His daughter, Katie, who recently graduated from the Gemological Institute, works in the store with her father full time, assisted by three part-timers.

"We have a very loyal customer base. I'd say 90 percent of our customers are from the local area," Joviak said, adding he also sees a good share of new customers.

"This is just a very well-rounded community."

Post Net

Rick Centa, owner of Post Net, a business, printing and shipping service, said he is celebrating 12 years in business this year at his Macedonia Commons location. "We're generally, locally based. We do a lot of business with travelling people, but most of it's local," he said.

A former pressroom foreman, plant manager, pressman and "you name it" in the printing industry for many years, Centa said he went into business for himself because he got tired of working for others.

Centa said he didn't know at first that Nordonia Hills would be a great place to do business.

"Everybody is pretty loyal. I have a wonderful client base," he said.

Crossroads Chiropractic Center

Drs. Bobbi and Wayne Taylor, of Crossroads Chiropractic Center and Acupuncture at 9320 Olde Eight Road, are a pair who are dedicated to helping others and wanted to be in business for themselves when they opened shop eight years ago. "I personally wanted to help people naturally, without drugs, medication or surgery," said Bobbi Taylor.

"Everyone is so nice and friendly. It just makes it easier to work here," she said, adding she and her husband live in the community. "We still have patients who are coming to us since the first day we opened, but we also get a steady stream of new patients and referrals every month. I think the family based practice that we have makes people feel comfortable referring their family and friends to us."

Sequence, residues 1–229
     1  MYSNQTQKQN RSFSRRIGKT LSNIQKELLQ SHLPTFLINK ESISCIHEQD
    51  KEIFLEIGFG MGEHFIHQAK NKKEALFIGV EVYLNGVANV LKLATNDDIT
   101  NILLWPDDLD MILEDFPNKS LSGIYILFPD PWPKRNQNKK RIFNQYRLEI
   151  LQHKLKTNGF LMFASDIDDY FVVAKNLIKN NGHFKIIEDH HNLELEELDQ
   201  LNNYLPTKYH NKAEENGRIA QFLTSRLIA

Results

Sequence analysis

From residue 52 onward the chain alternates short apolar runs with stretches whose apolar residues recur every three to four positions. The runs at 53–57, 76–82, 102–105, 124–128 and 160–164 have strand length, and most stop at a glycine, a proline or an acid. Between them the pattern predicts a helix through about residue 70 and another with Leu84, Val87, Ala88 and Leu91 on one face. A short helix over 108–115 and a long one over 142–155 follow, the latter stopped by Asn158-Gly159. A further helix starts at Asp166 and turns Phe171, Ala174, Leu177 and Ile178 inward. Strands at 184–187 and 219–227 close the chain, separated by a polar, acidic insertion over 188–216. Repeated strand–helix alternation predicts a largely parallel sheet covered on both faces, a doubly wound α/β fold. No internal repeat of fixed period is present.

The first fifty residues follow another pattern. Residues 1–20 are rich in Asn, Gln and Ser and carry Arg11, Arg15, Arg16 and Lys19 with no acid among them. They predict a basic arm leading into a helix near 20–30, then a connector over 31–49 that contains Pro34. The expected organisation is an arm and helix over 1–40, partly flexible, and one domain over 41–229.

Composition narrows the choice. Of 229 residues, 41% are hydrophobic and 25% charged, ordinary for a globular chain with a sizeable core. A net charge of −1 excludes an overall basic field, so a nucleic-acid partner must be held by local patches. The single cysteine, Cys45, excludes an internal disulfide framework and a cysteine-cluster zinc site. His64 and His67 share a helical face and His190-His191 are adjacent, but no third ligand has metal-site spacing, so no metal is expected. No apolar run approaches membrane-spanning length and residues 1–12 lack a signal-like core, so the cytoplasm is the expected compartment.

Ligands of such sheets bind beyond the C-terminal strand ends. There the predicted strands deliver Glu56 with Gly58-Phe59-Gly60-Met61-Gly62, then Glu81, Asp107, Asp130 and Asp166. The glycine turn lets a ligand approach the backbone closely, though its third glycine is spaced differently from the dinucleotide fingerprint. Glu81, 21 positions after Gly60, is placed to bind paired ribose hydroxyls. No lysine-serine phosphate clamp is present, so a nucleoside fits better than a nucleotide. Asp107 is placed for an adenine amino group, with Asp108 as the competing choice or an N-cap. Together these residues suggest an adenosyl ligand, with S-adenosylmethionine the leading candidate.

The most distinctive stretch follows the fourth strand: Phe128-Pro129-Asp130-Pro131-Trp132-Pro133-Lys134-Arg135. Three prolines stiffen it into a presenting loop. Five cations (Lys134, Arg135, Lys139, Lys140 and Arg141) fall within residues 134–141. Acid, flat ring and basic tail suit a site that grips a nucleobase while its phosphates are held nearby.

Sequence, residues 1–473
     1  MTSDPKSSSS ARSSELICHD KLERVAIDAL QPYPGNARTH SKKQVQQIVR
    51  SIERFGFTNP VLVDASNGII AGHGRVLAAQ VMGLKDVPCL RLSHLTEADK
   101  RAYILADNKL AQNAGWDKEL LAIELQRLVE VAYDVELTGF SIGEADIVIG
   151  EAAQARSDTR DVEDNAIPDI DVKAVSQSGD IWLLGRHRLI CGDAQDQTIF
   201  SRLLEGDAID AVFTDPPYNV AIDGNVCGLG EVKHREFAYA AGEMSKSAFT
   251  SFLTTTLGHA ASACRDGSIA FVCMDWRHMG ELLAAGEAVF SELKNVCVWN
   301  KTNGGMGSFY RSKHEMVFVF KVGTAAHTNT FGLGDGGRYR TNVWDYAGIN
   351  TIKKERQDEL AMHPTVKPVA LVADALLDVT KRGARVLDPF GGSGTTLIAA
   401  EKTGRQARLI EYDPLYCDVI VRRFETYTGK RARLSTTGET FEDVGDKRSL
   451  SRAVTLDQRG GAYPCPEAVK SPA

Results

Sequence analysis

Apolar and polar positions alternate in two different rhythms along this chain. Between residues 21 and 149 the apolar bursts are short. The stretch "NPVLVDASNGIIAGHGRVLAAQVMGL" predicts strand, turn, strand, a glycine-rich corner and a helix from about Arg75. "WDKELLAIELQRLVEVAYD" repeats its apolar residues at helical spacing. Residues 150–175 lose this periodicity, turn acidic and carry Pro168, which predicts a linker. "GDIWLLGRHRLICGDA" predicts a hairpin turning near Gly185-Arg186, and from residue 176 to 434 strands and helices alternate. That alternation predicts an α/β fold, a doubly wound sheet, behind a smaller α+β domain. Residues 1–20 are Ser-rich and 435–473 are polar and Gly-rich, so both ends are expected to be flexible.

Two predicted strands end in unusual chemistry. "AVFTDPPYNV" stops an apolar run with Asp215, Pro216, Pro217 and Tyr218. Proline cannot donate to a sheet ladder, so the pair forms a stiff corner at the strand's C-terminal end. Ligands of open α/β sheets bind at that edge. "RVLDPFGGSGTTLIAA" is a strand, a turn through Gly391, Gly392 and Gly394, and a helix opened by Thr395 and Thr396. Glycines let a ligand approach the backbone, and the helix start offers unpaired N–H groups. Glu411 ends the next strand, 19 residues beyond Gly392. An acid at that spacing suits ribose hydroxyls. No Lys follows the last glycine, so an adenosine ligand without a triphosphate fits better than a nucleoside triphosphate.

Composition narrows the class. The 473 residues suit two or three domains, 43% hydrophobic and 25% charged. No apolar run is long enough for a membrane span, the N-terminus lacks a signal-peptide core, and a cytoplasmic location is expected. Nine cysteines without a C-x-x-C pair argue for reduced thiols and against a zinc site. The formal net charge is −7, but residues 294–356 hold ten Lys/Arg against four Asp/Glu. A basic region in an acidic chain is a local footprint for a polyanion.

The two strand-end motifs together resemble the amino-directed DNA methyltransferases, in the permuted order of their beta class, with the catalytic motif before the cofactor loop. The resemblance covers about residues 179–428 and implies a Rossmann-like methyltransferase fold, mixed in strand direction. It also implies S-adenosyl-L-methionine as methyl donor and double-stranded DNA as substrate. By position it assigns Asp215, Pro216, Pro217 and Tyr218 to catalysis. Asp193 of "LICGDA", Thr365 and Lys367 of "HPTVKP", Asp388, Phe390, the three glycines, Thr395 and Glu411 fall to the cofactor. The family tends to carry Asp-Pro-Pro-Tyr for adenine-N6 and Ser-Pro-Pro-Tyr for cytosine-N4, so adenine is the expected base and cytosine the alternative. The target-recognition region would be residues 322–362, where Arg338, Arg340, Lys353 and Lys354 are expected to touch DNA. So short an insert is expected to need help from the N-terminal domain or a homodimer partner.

She said the addition of acupuncture to the practice about two years ago has provided a unique service not available in other area practices.

Petal Place Florist

Leslie Johnson, owner of Petal Place Florist in Northfield Village for the past nine years, says she's lived in Nordonia Hills her entire life and went to school to learn her trade. "I worked in an office, I worked in a bank and that wasn't a really fulfilling job for me," she said. "I didn't want to travel far. I wanted to be in the community and basically, I just really wanted to be my own boss, set my own hours and priorities. I'm kind of particular, so I want things done my own way." She said the most important thing about her work is satisfying customers' needs.